David Wees has gone and tweeted about it again, and I share his concern for the phrase.
I think it just might be worth ceasing and desisting in trying to reduce the idea to words like struggle. I’ve seen non-productive struggle, LOTS of it. These are the situations where yes, eventually the thing gets solved but the student is just relieved that it’s over, like a nasty voyage with seasickness. They’re even less prepared for future struggles because they have an even stronger association of math with confused pain.
What if we taught about cognitive dissonance? I include in my silly powerpoints how kids call everything a dog at first if we tell them that’s what that creature is… until they learn about goats and moose (or cats). The rules don’t change, but our understanding deepens. Can’t we integrate that into the lessons? Can’t we give language to what’s happening? Isn’t leaving out the language a huge part of why we don’t know why we got it right this time? Isn’t language a huge part of transferring?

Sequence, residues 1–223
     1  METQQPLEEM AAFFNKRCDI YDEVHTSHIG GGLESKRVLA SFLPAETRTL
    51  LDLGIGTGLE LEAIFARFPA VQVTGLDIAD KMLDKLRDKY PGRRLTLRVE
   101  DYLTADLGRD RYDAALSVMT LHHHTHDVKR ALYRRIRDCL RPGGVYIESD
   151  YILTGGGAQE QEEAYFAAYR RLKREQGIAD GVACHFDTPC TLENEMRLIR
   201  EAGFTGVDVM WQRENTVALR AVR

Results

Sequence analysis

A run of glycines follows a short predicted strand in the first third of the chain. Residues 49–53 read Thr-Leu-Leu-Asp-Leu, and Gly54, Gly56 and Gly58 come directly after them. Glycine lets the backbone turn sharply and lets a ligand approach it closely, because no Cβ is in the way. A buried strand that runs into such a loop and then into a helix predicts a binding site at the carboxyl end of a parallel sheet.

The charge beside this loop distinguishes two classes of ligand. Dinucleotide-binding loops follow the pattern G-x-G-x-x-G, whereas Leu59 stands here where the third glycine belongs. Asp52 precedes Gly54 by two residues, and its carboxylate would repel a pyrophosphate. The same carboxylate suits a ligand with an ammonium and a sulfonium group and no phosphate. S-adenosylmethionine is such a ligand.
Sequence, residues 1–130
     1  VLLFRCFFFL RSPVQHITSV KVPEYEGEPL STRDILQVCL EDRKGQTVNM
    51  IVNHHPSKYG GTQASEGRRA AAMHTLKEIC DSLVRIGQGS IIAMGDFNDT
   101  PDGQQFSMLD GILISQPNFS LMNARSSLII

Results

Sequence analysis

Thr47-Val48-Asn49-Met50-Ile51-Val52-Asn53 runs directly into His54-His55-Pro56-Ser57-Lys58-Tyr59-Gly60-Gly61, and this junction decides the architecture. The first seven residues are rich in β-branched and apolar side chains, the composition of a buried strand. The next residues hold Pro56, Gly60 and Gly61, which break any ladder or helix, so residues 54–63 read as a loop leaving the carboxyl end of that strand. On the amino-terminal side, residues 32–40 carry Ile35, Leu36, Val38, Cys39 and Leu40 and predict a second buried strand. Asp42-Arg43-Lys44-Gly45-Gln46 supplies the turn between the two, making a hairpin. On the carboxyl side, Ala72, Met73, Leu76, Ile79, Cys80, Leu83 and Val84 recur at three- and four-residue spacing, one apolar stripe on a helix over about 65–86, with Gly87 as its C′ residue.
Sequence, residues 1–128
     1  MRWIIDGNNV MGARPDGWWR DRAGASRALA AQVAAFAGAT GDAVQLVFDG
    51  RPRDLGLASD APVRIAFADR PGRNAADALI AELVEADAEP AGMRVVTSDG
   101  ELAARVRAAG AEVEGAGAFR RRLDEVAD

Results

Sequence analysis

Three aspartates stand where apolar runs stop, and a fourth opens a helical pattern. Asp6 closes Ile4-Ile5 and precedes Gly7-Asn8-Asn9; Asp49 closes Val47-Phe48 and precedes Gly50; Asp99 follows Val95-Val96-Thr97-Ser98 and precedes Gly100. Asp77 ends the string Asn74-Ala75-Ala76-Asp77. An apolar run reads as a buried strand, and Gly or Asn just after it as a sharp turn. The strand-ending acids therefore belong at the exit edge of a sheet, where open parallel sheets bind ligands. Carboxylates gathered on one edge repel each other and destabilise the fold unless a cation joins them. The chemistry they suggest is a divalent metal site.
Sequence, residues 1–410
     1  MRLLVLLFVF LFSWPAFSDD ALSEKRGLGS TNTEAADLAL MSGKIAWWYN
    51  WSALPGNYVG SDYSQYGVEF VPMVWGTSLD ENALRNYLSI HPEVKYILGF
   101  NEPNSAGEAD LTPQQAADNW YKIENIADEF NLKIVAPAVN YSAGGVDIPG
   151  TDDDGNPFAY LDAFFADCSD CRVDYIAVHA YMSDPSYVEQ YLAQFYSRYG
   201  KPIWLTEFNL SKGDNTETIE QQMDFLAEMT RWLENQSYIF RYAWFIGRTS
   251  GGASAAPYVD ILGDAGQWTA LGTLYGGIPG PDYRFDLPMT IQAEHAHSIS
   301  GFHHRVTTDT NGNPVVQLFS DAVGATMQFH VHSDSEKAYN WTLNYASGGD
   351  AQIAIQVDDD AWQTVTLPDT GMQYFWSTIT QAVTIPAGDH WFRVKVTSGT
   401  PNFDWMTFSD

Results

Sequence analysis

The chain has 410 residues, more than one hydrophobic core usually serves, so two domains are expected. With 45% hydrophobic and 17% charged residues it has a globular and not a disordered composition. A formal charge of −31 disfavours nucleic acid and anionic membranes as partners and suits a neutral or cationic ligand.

I mean, I know this student completed the ALEKS lessons about multiplying by 100 and moving the decimal two places. Still, when s/he’s confronted with figuring out what percent 180 is over 250 (well, first s/he just put 180 down there)… .72% then? Move decimal where? It was very much the “which ritual do I perform,” though talking meaning helped a ton.